The idea of relational governance is derived from Macneil’s (Macneil’s 1978, 1980) paper on relational contracting. He differentiates the one-off exchanges with that of ongoing exchanges which are established upon and within the relationship among the parties. This lead to maintaining solidarity, integrity, goodwill, and harmony that is important. The element of information sharing is also critical, because this encourages mutuality between the relationship and more importantly reduces the conflict (Macneil’s 1978, 1980).
While studying on the managerial knowledge and managerial skills, early researchers Gaddis (Gaddis, 1959) and Archibald (Archibald, 1975) highlighted the importance of administrative skills, technical knowledge, and leadership ability including problem solving, communication, conflict resolution, analysis and integration. Also the works of Einsiedel (Einsiedel ,1987) and Posner (Posner ,1987) assert more of the human skills and leadership skills such as exhibiting vision, creativity, credibility, tolerance for ambiguity, flexible management style, motivation and effective communication. According to Thamhain (Thamhain ,1991), the project manager prerequisites are leadership, administrative and technical, while according to Pettersen (Pettersen ,1991) there are 5 categories which a project manager should possess which are administration, problem solving, interpersonal relations, supervision and team management, and some other personal qualities.
Shenhar and Thamhain (Shenhar and Thamhain, 1994) in their study, contend that conceptual skill in mentioned in Katz’s model is very broad. They suggested a new model broadly outlining Katz’s model. In their model they include the managerial knowledge and also the skills in operational, human, technical, and strategic areas. They proposed that manager should have sound technical knowledge and technical skills to do work as a professional and also to guide subordinates. Using their framework, various researchers, came out with manager competencies such as Planning and Scheduling, Team structure, customer coordination, monitoring and control, problem analysis, etc mostly through the realm of project management study.
The term ‘competency’ was first coined in the managerial context while conducting research by Boyatzis (Boyatzis, 1982) to identify the features that distinguish superior managerial performance from that of average managerial performance. In his book, The Competent Manager: A Model for Effective Performance, Boyatzis laid down the plan or method for the competency debates to follow. Boyatzis states that “It is the competence of managers that determines, in large part, the return that organizations realize from their human capital, or human resources.” (Boyatzis, 1982). Broadly competency can be defined as a mixture between knowledge, skill, ability and other sets of features that an employee possesses that enable them to accomplish their activities more efficiently and effectively.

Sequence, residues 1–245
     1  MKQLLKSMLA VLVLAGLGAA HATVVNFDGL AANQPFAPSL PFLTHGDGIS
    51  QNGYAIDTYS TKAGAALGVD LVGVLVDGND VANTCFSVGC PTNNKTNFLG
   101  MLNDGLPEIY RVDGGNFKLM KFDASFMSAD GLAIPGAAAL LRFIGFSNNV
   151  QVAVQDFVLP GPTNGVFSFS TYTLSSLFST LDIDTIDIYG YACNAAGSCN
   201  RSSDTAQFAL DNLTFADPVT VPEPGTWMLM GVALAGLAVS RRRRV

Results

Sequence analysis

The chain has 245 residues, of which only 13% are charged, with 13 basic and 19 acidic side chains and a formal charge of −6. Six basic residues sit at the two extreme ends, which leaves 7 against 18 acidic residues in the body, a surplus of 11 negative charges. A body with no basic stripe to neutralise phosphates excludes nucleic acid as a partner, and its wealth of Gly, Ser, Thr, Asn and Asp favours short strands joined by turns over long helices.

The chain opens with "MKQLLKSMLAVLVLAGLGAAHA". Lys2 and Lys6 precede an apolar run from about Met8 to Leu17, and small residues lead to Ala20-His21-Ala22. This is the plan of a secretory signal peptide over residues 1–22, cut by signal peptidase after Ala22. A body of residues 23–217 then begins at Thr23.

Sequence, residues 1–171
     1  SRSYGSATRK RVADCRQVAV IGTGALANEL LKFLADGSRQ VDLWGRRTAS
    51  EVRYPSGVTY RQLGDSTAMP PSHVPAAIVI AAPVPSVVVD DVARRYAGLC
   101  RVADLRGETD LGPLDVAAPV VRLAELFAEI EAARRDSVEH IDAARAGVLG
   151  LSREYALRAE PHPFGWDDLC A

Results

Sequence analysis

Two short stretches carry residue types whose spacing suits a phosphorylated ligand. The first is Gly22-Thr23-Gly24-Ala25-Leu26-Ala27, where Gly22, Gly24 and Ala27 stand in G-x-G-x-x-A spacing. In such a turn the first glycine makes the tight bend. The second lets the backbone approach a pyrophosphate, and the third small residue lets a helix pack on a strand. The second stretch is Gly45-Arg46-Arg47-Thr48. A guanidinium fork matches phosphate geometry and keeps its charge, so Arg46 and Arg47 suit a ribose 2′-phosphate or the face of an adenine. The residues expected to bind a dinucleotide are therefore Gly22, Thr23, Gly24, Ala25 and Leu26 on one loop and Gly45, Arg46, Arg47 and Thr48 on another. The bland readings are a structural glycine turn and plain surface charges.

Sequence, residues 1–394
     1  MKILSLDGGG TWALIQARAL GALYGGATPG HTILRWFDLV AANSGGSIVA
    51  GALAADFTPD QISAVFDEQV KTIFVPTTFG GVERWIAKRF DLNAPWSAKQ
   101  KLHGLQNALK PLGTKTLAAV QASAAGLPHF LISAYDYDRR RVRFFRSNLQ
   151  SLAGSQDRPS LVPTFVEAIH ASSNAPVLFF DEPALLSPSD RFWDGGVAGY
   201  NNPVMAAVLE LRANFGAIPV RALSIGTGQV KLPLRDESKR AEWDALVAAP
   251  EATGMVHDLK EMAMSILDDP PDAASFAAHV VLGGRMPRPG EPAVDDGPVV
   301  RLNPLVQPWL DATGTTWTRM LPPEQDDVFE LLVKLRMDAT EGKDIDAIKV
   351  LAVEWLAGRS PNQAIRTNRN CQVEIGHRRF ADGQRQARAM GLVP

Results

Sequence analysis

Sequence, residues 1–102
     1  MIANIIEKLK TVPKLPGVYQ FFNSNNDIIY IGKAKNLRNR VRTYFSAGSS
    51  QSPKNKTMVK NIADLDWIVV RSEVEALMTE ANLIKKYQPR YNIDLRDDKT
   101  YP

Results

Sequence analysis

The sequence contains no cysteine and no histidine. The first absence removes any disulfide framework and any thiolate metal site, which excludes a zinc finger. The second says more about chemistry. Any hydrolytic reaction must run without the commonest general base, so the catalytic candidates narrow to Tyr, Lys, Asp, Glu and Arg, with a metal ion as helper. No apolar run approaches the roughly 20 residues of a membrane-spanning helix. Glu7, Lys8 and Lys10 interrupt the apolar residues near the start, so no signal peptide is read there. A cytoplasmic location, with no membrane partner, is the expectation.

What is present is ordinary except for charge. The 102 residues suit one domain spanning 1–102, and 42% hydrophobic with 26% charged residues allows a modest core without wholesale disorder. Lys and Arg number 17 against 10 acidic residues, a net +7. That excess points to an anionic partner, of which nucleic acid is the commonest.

The study established that there is no one single factor but an array of factors that distinguished superior or exceptional performers from the average performers. These include experience, personal characteristics, motives and other various attributes. Since then the literature on competency is characterised by a huge diversity of definitions.
For the thesis topic research purposes, there is a need to distinguish between ‘competence’ and ‘competency’. The term ‘competence’ is used to refer to the standard of achievement or performance attained; on the other hand the term ‘competency’ is used to refer to the attitude or the manner by which it gets accomplished. In other words, the competence describes what people can do and the competency focuses on how do they do it.
Spencer and Spencer (Spencer and Spencer ,1993) defined competence as “an underlying characteristic of an individual that is causally related to criterion-referenced and/or superior performance in a job or situation”, and they identified five different types of competence characteristics. They are Motives, Traits, Self-concept, Knowledge and Skill.(1) Motives – Motives “drive, direct, and select” (Spencer and Spencer ,1993) behaviour towards certain actions or goals and away from others. In other words, the activities a person persistently thinks about or wants that causes action.(2) Traits – the physical characteristics and their consistent response to information or situations.(3) Self-concept – a person’s values, attitudes, or self-image.(4) Knowledge – the information a person holds in specific content areas.(5) Skill – the person’s ability to perform a certain mental or physical task. (Spencer and Spencer ,1993) The competence comprises both organizational/firm level competences and personal competencies (job-competency level). Boam and Sparrow (Boam and Sparrow, 1992) and Sparrow (Sparrow ,1994) contend that competency recognition systems should be able to identify both organisational competences and personal competencies. Personal competencies are those acquired by a person or an individual by way of skills, technical knowledge, domain expertise, abilities and experience that are pivotally related to superior or effective performance in job (Boyatzis 1982). On the other hand, Organizational competences subsist of a combination of complimentary assets, differentiated skills, cognitive characteristics and the routines that cater to the basis for organization’s competitive capacities, sustainable advantage in the particular business. These are usually embedded in the firm’s processes and systems and get absorbed by all their members and their structures. In other words, the skills and abilities they possess in their deployment of their resources and their cognitive characteristics that are geared in accomplishing the activities (Murray and Donegan, 2003; Bogner and Thomas, 1994;Escrig-Tena and Bou-Llusar, 2005). Many authors have suggested as competence based integrative approach aligning organaisation/firm competencies and personal competencies.